The issue of neuroimaging is often raised for children following mild head injury. With young patients, this issue is often problematic given that they may require a general anaesthetic in order to obtain adequate images, although new generation spiral CT scanners are able to perform extremely rapid imaging sequences. If imaging is desired by the health practitioner in this setting or by the subsequent development of symptoms of intracranial pathology, then CT scanning is the imaging modality of choice in the emergency setting. The American Academy of Paediatrics guidelines state that there is no indication for routine use of skull x ray in paediatric concussion and “no data are available that demonstrate that children who undergo CT scanning early after minor closed head injury with loss of consciousness have different outcomes compared with children who receive observation alone after injury”.34

In broad terms, a previously neurologically healthy child with a concussive injury who has normal mental status, no abnormal or focal abnormalities on neurological exam, and no physical evidence of skull fracture simply requires observation by a competent caregiver. The risk of clinically significant intracranial pathology in this setting is less than 0.02%34,43 although earlier studies had suggested higher figures.44,45 It is likely that many of these early studies suffered from selection bias and over estimated this risk in this situation.34


At the present time, there are no evidence based guidelines using which sport related concussive injury in childhood and adolescence can be scientifically managed. There are significant differences between adults and children in this regard and a child who is symptomatic following head injury is likely to have sustained a far greater impact force as compared to an adult with the same post-concussive symptoms.

The extent and duration of the cognitive effect on children with acute concussive injuries is variable and there may be persistent effects on scholastic performance and behaviour long after the clinical concussive symptoms and measurable neuropsychological impairment have resolved. Even subtle and transient impairments in attention and information processing skills can have a dramatic effect on the young person’s capacity to cope with school demands, with these issues being particularly critical for those at later secondary school levels.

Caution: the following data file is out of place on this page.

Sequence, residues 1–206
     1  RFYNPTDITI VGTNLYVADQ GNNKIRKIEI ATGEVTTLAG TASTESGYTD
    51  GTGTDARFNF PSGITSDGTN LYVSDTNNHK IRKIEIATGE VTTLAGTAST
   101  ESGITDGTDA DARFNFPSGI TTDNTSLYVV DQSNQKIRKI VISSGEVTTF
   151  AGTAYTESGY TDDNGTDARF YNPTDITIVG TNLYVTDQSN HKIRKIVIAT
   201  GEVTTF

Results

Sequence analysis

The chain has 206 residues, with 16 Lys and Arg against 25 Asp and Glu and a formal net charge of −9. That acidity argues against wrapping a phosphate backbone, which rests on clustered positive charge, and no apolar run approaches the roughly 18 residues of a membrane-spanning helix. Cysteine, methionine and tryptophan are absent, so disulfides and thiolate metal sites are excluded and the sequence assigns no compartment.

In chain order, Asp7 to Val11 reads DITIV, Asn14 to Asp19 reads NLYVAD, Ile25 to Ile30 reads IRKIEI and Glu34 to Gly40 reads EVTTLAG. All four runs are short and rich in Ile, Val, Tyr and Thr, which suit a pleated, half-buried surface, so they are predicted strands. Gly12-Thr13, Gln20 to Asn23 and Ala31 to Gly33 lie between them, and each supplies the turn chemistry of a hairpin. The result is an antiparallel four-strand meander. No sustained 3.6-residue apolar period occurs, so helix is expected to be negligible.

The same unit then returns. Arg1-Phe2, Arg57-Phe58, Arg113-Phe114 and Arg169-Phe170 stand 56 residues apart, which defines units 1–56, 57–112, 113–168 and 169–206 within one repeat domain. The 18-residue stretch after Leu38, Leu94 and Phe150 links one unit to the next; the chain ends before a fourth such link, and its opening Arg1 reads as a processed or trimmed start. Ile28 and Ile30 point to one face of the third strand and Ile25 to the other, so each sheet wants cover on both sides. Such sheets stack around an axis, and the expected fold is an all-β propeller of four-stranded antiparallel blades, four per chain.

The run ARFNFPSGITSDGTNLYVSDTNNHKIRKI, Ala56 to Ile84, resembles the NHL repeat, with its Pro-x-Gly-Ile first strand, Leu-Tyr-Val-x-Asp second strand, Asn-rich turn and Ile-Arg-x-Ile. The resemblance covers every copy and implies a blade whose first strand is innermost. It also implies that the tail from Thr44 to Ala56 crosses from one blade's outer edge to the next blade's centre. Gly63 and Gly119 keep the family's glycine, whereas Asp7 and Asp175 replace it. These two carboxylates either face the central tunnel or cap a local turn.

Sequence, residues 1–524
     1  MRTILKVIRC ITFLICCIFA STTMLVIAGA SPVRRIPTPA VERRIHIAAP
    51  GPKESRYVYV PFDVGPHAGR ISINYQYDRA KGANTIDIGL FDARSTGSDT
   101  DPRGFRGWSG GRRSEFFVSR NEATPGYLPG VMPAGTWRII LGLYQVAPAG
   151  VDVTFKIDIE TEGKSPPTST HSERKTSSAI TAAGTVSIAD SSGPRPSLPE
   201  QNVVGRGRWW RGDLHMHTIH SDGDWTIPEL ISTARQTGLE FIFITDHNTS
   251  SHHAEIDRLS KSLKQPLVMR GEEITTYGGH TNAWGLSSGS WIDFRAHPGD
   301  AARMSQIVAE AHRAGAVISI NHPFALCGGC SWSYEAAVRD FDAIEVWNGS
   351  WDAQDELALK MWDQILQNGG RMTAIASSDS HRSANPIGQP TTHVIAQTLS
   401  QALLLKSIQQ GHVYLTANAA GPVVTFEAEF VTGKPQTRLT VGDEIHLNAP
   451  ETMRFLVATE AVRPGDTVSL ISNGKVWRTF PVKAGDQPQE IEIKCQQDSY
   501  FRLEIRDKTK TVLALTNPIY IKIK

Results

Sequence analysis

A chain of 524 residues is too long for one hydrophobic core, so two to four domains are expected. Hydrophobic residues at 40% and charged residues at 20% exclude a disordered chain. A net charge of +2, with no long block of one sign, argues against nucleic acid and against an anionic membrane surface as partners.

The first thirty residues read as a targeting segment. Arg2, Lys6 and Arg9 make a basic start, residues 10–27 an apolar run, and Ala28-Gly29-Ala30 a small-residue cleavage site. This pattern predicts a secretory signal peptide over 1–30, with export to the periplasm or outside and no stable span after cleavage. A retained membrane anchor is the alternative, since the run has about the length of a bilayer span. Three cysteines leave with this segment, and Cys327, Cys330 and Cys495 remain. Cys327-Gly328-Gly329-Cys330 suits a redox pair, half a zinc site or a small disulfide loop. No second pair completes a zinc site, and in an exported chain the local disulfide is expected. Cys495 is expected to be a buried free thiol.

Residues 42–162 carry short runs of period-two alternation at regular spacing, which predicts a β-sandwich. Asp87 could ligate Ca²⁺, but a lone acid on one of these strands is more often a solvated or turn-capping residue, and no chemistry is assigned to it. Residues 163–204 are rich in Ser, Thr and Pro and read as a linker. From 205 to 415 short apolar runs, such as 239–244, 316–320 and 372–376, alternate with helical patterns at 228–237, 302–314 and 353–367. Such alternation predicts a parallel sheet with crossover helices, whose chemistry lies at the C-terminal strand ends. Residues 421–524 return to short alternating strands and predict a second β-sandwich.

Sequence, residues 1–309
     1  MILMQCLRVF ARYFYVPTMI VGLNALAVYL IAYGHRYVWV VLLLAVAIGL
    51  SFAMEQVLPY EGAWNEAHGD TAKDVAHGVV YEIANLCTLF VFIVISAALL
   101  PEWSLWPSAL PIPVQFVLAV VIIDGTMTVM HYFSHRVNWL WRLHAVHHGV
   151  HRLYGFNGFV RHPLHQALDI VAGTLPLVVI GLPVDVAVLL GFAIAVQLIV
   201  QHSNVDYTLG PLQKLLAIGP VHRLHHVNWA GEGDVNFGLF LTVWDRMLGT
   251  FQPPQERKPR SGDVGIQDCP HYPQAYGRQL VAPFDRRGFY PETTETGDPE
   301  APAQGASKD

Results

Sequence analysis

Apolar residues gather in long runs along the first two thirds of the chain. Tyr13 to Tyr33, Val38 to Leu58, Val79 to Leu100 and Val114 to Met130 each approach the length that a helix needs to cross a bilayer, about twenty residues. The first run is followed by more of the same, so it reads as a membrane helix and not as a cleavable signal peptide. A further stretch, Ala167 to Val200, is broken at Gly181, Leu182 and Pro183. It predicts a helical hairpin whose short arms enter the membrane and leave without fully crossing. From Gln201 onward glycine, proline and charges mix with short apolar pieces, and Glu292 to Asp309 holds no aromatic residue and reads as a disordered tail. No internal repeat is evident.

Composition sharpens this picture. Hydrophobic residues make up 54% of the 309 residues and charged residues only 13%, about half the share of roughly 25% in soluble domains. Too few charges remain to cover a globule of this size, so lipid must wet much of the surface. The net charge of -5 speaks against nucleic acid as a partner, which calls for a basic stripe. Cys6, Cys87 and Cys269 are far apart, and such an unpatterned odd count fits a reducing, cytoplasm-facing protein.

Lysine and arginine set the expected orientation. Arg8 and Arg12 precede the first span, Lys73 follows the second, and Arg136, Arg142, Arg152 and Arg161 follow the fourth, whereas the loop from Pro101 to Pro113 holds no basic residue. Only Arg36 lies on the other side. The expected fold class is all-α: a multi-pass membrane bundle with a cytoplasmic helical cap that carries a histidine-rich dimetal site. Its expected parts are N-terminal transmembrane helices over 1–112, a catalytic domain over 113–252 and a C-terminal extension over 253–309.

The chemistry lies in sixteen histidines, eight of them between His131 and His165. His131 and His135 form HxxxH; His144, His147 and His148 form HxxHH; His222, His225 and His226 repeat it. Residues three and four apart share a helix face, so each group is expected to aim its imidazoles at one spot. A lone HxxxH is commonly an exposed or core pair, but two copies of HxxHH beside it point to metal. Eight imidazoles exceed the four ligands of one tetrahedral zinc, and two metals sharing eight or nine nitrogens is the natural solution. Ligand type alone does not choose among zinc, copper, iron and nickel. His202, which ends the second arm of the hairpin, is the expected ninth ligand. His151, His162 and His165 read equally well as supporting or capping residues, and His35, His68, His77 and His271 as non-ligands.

Based on pilot data, cognitive maturation is greatest in those under 15 years of age and beyond this time plateaus to an adult level of performance. Although comparison to baseline cognitive performance remains a powerful method of assessing function following a concussion injury, its application in children under 15 years of age is problematic given the rapid cognitive maturation that is occurring in this period. With regular baseline testing, an “adult” management strategy could be adopted in this age group, whereas in its absence only an estimate of normal age related cognitive function can be made. Beyond 15 years of age, it would be reasonable to follow the adult concussion management consensus guidelines utilising a “return to baseline” approach.

It is suggested that concussive symptoms take longer to resolve than in adults although this may be a surrogate marker of the biomechanical differences between child and adult concussion as outlined above. It is critical therefore that concussed children and adolescents not resume sport, school, or training until all the physical symptoms fully resolve. This is important also because of the risk of diffuse cerebral swelling that may occur in children after a single head injury no matter how trivial the impact may be. The adoption of a conservative adult management strategy with a thorough assessment of symptom resolution followed by “return to baseline” cognitive function remains the most appropriate management strategy in this age group.

Further research is required to characterise the duration and nature of the subclinical cognitive impairment that may exist during this recovery period in children. Increased awareness of these issues by those involved in the management of a child with concussion may assist in avoiding problems caused by this putative impairment.

Evidence based guidelines are required for the management of concussive injury in children